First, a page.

The measure will require any ISP doing business with the state to abide by net neutrality. Policy experts said a return to federal consumer protections is still needed.
By Matt Skoufalos | February 6, 2018
“We’ll use our power as a customer, and say, ‘If any ISP does business with the state of New Jersey, they have to abide by net neutrality,’ which is the level playing field that all of us need as it relates to the Internet,” Murphy said in a video statement.
The governor stopped short of calling out any individual corporation, saying, “The providers we’ve spoken to have been very good about this, but we want to lead.”
Murphy also announced that New Jersey would be joining a 22-state lawsuit challenging the December 2017 FCC rollback of net neutrality protections. New Jersey is the third state in which a governor has issued an executive order about net neutrality, behind Montana and New York.
Murphy’s order requires that any New Jersey state contracts for Internet, data, and telecom services “be awarded only to ISPs that adhere to ‘net neutrality’ principles.” It covers ISP behavior “with respect to any consumers in New Jersey,” not just state agencies.
The order specifically prohibits service providers from blocking lawful content, throttling traffic, prioritizing paid traffic, misrepresenting its policies to customers, and general anticompetitive behaviors.
Tim Karr, Senior Director of Strategy for Free Press, a Washington, D.C.-based media advocacy group, said Murphy’s order was “largely symbolic,” as the telecommunications business is principally regulated by interstate commerce laws.
Taking back some purchasing power at the state level could have a downstream effect on urban and municipal government behaviors, but Karr said consumers must still advocate for federal enshrinement of net neutrality.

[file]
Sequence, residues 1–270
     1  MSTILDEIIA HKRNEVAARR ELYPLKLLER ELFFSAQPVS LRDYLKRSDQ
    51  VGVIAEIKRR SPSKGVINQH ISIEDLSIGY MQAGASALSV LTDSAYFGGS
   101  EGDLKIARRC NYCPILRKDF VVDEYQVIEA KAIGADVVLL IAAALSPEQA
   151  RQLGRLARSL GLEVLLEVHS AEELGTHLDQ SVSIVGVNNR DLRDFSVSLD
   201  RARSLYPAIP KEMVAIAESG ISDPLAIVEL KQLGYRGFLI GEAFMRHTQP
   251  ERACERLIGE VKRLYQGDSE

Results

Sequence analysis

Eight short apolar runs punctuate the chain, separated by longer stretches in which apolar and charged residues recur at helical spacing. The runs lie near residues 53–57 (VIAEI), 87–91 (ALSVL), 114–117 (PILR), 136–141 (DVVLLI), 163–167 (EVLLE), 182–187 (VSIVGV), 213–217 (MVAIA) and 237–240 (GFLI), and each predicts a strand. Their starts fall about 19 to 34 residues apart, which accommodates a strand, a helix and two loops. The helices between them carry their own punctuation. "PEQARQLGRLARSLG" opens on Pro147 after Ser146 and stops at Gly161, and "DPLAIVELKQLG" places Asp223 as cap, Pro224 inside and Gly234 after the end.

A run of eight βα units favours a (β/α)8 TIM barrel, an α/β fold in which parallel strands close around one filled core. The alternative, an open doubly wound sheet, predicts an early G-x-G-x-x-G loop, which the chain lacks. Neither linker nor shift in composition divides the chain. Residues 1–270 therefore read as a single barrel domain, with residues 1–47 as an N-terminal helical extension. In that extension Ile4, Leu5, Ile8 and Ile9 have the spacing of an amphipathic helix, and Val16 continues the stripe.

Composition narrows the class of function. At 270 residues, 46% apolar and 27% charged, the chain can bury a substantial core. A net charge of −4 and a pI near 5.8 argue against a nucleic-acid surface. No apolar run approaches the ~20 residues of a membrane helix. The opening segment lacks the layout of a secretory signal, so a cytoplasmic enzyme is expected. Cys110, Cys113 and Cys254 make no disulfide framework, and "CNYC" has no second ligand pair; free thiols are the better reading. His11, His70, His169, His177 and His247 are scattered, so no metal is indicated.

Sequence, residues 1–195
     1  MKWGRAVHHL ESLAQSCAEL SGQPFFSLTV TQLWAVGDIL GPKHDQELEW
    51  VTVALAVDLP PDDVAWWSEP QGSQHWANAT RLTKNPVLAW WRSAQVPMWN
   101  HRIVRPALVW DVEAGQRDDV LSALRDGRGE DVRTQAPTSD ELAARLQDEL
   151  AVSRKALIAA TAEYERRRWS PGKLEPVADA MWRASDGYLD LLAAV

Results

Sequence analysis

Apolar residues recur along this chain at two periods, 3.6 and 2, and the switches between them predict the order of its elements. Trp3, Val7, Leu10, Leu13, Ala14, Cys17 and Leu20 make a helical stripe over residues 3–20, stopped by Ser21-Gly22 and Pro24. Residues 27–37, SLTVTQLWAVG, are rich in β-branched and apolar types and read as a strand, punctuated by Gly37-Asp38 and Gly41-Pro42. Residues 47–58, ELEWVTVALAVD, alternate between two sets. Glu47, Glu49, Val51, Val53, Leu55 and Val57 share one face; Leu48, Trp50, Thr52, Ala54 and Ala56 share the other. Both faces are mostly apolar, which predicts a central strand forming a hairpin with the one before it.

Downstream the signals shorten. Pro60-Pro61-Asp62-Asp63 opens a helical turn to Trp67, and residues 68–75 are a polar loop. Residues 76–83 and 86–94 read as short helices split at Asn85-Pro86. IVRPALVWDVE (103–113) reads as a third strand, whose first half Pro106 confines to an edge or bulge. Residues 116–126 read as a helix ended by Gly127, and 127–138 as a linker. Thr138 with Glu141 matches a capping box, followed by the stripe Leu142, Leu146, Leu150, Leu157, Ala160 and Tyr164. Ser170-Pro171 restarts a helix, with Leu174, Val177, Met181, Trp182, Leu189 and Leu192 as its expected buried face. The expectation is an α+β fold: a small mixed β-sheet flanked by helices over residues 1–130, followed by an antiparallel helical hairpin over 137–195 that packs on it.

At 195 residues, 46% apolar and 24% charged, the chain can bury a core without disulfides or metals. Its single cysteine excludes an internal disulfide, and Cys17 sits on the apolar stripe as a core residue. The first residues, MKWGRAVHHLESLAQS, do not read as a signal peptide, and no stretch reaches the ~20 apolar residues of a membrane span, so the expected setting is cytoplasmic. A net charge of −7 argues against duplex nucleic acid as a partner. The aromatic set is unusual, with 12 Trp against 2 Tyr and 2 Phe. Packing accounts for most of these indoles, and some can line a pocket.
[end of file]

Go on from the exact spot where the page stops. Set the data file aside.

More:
“We’re certainly encouraged that local-level politicians are empowered to take action on their own,” he said.
“All these things that are going on are indicative of a very broad-based groundswell.”
Karr said there are resolutions of disapproval of the net neutrality rollback working their ways through both the U.S. Senate and House of Representatives.
If approved by a simple majority in both houses—and signed by the president—a resolution of disapproval could officially restore net neutrality. The Senate version has 50 signatories, and needs one more; the House effort has 135, Karr said.
“The momentum of support has been impressive and bipartisan,” he said.
Ernesto Falcon, legal counsel at the nonprofit Electronic Frontier Foundation, said Murphy’s order might have some teeth, allowing the state to ensure that its service providers adhere to the terms of its contracts. The flip side of that argument, however, is that ISPs that decide to not do business with the state would be free to block or throttle content for their New Jersey customers.
“The big ISPs have a lobby game that is divorced from public opinion,” Falcon said. “AT&T, Verizon, Comcast—they’d never sign any of these contracts. If you’re a large, vertically integrated, multi-state ISP, you’re going to want to extract that extra rent [from paid prioritization].”
Falcon also pointed out how few broadband service options are widely available.
In New Jersey, there are just 15 Internet providers, according to HighSpeedInternet.com.
The largest of these is Comcast’s Xfinity service, which accounts for 47 percent of New Jersey customers.
“Small players are a very small segment of the market,” Falcon said. “It’s not a choice that most Americans have.”
He also predicted that similar gubernatorial executive orders could be on their way by the end of the month, with more significant bills and laws by the summer.
Falcon said Murphy’s order is an expedient step, but that other legislative actions—such as making state subsidies to ISPs contingent on net neutrality—could have broader impact.
“This is about economic control,” Karr said. “Comcast owns NBC-Universal; AT&T is trying to buy Time Warner. This is the new frontier of corporate media: content distribution and picking winners and losers.
“When [net neutrality] gets taken away, your online experience could become like your [a la carte] cable experience,” he said.
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